Phil

Reply | Threaded
Open this post in threaded view
|  
Report Content as Inappropriate

Re: In Support of ELPA

Richard Stallman
In reply to this post by Thien-Thi Nguyen-3
[[[ To any NSA and FBI agents reading my email: please consider    ]]]
[[[ whether defending the US Constitution against all enemies,     ]]]
[[[ foreign or domestic, requires you to follow Snowden's example. ]]]

  > If the outside repo "goes bad" for some reason, how we prevent
  > that badness from entering ELPA (pull vs push) only matters if
  > the gating (acceptance criteria and mechanisms) differs.

Please see the messages I posted about why we need administrative
control over the base repository.

--
Dr Richard Stallman
President, Free Software Foundation (gnu.org, fsf.org)
Internet Hall-of-Famer (internethalloffame.org)
Skype: No way! See stallman.org/skype.html.


Reply | Threaded
Open this post in threaded view
|  
Report Content as Inappropriate

Re: In Support of ELPA

Richard Stallman
In reply to this post by Phillip Lord-3
[[[ To any NSA and FBI agents reading my email: please consider    ]]]
[[[ whether defending the US Constitution against all enemies,     ]]]
[[[ foreign or domestic, requires you to follow Snowden's example. ]]]

  > > The difference is whether the Emacs maintainers have write access
  > > to those sources in their main repository.

  > Personally, I think this is not necessary. The Emacs maintainers can use
  > PRs if they need to.

We need to have write access directly so that we can install changes
directly without depending on anyone else.  But not solely write access.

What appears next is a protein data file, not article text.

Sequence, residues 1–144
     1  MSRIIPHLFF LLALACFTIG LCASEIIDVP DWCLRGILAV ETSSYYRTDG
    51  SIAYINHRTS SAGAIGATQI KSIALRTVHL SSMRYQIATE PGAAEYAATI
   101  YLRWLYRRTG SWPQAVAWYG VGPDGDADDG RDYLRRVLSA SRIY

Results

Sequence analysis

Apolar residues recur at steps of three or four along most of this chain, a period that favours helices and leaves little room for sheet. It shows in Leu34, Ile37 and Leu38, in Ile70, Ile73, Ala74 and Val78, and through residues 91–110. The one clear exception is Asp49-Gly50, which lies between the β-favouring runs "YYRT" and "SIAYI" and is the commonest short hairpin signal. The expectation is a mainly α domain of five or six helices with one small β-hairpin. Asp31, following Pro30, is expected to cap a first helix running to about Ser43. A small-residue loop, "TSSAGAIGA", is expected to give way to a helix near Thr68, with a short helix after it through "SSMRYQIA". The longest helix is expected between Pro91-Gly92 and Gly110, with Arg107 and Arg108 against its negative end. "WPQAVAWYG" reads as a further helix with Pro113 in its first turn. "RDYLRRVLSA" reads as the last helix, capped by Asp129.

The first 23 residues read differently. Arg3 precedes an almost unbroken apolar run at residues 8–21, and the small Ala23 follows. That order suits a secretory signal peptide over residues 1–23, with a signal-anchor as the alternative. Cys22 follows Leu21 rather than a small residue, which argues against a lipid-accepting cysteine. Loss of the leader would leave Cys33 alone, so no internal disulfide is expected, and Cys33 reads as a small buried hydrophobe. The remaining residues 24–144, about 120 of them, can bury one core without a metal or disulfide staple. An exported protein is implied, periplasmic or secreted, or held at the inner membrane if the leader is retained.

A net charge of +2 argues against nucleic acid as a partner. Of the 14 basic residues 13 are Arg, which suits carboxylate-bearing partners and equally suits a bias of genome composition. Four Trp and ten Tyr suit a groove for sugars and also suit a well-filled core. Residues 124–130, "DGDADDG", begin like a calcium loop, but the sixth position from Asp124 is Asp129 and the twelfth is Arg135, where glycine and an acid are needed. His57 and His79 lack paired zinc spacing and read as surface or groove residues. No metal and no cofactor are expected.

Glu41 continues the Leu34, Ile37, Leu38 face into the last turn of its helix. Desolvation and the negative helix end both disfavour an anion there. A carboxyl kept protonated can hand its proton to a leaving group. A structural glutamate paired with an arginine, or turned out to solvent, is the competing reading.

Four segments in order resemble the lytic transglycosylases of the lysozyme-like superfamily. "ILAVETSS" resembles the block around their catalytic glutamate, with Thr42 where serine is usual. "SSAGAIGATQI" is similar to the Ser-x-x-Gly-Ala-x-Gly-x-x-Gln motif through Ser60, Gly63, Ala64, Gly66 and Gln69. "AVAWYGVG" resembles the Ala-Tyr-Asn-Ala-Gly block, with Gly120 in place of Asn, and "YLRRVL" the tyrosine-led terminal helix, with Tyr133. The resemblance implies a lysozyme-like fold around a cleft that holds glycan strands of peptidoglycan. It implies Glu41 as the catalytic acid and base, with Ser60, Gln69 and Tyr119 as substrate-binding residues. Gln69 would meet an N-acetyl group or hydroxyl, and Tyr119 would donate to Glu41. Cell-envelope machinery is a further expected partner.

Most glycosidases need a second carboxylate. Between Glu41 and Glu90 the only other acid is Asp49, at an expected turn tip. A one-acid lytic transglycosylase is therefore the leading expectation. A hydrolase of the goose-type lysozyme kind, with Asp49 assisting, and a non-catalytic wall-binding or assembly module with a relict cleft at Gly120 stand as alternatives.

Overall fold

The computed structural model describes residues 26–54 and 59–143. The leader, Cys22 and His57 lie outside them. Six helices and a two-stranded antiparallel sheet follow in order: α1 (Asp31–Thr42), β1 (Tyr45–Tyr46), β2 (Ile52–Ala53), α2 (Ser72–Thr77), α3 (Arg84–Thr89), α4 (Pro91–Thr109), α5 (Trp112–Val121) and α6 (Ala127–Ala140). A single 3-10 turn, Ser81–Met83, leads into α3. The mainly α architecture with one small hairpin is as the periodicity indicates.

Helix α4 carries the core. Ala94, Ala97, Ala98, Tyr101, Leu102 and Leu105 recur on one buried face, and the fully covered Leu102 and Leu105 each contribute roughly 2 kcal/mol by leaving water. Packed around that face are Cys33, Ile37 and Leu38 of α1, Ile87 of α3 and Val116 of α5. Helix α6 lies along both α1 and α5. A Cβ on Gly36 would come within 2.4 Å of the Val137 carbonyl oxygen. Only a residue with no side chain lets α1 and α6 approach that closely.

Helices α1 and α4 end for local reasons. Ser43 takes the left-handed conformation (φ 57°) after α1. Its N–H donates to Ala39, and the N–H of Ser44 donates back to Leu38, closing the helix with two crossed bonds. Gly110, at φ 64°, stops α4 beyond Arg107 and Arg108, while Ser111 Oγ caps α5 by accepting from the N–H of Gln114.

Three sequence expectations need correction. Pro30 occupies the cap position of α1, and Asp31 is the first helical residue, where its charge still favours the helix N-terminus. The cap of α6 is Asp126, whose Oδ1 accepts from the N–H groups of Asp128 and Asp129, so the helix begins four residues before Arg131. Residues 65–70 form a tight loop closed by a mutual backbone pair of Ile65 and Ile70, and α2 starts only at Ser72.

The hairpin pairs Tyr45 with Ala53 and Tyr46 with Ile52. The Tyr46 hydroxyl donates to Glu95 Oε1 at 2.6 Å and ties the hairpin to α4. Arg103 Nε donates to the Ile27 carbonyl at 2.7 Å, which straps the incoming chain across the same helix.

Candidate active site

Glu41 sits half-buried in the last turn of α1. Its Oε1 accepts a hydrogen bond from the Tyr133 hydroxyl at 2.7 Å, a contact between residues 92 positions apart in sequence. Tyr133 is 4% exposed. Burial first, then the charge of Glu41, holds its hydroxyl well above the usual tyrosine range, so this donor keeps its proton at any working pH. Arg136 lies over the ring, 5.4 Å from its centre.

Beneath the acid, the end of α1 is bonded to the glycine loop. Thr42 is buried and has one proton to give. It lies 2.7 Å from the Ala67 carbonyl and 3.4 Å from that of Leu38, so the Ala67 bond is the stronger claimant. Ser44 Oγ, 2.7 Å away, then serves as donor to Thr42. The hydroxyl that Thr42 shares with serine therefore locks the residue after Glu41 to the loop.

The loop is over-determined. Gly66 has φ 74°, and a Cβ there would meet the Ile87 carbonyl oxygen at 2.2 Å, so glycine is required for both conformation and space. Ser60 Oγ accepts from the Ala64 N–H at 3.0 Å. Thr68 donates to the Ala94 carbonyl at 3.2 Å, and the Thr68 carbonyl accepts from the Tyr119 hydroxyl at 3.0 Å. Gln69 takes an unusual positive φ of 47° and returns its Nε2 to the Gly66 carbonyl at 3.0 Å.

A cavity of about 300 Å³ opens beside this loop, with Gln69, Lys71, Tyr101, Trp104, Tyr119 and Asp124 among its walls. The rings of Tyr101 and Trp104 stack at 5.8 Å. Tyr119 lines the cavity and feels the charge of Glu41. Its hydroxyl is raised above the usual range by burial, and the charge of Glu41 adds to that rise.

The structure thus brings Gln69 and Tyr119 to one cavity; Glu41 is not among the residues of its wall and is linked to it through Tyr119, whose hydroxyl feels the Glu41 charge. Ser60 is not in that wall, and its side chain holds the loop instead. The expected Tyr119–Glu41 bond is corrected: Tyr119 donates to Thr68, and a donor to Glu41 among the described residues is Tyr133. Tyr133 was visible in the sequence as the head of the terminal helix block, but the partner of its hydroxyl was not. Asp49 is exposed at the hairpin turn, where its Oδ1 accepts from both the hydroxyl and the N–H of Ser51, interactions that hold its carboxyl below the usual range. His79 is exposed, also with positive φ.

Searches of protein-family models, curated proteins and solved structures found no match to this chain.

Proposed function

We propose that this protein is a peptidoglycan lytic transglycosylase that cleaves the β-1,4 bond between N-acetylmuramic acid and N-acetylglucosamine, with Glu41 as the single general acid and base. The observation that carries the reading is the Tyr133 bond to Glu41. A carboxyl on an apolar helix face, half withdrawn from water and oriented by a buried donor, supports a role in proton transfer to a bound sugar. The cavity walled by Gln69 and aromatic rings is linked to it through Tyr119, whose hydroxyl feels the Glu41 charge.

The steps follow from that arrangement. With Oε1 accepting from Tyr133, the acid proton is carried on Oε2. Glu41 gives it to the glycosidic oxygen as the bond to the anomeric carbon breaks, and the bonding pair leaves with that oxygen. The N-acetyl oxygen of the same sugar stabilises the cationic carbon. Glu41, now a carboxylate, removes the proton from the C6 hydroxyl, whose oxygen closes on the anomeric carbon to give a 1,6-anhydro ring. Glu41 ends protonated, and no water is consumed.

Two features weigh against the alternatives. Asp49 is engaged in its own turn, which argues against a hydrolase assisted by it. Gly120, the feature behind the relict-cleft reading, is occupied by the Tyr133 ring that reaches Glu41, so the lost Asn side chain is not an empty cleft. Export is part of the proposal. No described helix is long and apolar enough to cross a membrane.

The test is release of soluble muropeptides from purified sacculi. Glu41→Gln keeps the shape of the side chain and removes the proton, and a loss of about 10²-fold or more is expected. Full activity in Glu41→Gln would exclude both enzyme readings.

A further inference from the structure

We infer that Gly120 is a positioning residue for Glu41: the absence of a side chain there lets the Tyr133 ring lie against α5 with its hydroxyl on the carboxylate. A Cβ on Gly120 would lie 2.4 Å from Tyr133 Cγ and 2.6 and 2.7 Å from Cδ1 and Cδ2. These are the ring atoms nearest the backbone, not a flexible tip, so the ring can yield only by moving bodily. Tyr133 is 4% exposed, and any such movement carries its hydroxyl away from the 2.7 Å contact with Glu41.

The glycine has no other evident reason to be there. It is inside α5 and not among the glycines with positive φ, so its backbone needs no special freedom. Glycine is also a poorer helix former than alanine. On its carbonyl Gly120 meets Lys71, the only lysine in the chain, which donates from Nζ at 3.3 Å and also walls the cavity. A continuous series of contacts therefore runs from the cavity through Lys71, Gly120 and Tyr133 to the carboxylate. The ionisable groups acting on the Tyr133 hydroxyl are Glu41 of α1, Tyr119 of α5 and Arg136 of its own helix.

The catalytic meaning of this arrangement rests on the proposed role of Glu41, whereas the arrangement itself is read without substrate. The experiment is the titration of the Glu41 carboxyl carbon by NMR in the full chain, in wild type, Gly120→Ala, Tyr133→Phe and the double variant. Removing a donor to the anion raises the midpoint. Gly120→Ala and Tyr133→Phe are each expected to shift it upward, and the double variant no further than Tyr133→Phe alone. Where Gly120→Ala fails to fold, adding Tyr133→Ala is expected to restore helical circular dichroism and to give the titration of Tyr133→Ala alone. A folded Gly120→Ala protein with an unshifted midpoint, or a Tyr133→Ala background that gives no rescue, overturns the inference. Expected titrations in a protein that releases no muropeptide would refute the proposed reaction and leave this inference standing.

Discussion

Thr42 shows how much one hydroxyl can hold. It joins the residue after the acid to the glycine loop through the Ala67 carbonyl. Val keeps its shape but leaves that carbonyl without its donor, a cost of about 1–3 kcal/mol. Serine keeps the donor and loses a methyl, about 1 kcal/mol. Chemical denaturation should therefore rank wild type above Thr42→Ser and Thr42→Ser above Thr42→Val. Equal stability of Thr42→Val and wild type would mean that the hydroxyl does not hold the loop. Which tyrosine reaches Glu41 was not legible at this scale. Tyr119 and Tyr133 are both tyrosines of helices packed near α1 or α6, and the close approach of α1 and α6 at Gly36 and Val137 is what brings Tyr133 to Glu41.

We need administrative access too.  When other people send PRs, we need
to be able to receive them.

--
Dr Richard Stallman
President, Free Software Foundation (gnu.org, fsf.org)
Internet Hall-of-Famer (internethalloffame.org)
Skype: No way! See stallman.org/skype.html.


Reply | Threaded
Open this post in threaded view
|  
Report Content as Inappropriate

Re: In Support of ELPA

Phillip Lord-3
Richard Stallman <[hidden email]> writes:

> [[[ To any NSA and FBI agents reading my email: please consider    ]]]
> [[[ whether defending the US Constitution against all enemies,     ]]]
> [[[ foreign or domestic, requires you to follow Snowden's example. ]]]
>
>   > > The difference is whether the Emacs maintainers have write access
>   > > to those sources in their main repository.
>
>   > Personally, I think this is not necessary. The Emacs maintainers can use
>   > PRs if they need to.
>
> We need to have write access directly so that we can install changes
> directly without depending on anyone else.  But not solely write access.
> We need administrative access too.  When other people send PRs, we need
> to be able to receive them.

I don't think this is necessary, not with a distributed version control
system. If we have a package developed elsewhere, and ELPA has a local
clone (either as a repo, or a branch), then any PRs from others could be
resent to the downstream, and likewise any changes for Emacs
maintainers.

On the occasion that a change really needs to be installed locally
without depending on any one else, then you could just do
this. Subsequent pulls from downstream to ELPA would now fail, as they
would be non-fast-forward; someone would have to sort this out
manually. But this is the situation anyway, if there is a downstream
copy of the source code; changes made on ELPA have to be incorporated
back into the mainline.

What sort of changes do you envisage where a PR is not enough? How often
do these happen?

Phil


Loading...